Internet search engine Google said yesterday it was weighing a possible appeal after a Paris court ordered it to pay $260,000 plus costs...

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PARIS — Internet search engine Google said yesterday it was weighing a possible appeal after a Paris court ordered it to pay $260,000 plus costs to luxury-goods maker Louis Vuitton for breach of trademark.

The high court in central Paris awarded the damages in a decision late Friday and ordered Google to stop displaying advertisements for Vuitton’s rivals whenever Internet users typed Vuitton’s name or other trademarks into the search engine.

“We’re studying the ruling,” said Google France spokeswoman Myriam Boublil. “No decision’s been taken yet on an appeal.”

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The court ruled that Google was guilty of false publicity and counterfeiting, upholding complaints by Vuitton that Internet users searching for the Paris-based maker of luxury bags, accessories and apparel were also shown ads for companies selling forgeries.

The verdict was welcomed yesterday by Vuitton’s parent company, luxury giant LVMH Moet Hennessy Louis Vuitton, which said Google’s offending “Sponsored Links” had misled consumers.

“Sending Internet users to these other sites made it seem as if their products were Louis Vuitton, when in fact they were fakes,” LVMH spokesman Olivier Labesse said.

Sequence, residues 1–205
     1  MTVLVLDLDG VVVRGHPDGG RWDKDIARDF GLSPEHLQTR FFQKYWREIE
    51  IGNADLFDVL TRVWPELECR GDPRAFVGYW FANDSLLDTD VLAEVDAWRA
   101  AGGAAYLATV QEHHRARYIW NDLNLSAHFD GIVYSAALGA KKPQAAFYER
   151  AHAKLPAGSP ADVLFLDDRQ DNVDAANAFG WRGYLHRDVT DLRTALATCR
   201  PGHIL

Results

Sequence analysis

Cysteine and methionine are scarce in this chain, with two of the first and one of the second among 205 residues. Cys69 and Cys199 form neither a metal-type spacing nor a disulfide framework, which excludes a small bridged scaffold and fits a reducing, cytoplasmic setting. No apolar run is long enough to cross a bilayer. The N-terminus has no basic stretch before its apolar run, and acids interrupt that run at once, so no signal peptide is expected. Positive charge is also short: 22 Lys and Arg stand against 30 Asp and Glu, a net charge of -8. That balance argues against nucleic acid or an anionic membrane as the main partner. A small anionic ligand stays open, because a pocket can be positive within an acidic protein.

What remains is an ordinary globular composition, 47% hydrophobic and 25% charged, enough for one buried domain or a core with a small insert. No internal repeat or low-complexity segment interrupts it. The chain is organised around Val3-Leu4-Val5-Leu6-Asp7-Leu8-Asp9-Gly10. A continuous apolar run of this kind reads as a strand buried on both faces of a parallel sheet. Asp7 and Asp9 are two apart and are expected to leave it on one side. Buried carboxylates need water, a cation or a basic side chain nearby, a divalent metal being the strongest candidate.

The ruling is the latest blow by French courts against Google’s “Adwords” system, which allows companies to buy advertising linked to search keywords — including rivals’ trademarks.

In October 2003, a court in Nanterre, west of Paris, fined Google for violating the trademark of an online tour operator, Bourse des Vols — opening the floodgates to a series of other challenges.

Google is still appealing that decision and is now defending itself against another challenge filed last year by Paris-based AXA, the world’s No. 3 insurer. In December, Le Meridien Hotels and Resorts won a preliminary ruling against Google as part of its ongoing Adwords lawsuit.

U.S. courts have so far shown more tolerance toward Google’s advertising policy. A judge ruled in December that it did not violate federal trademark laws.

But some analysts say the tougher line on trademarks taken by French courts could nevertheless spell trouble for the $1.6 billion paid-search industry — which now accounts for almost one-third of all U.S. online advertising.

The latest Paris ruling against Google applies to all its sites, not just its French page. Searches for “Louis Vuitton” and “Vuitton” conducted yesterday on the main portal yielded none of the usual sponsored links to other companies.

Google shares fell $8.33, or 4.1 percent, to close at $196.03 yesterday.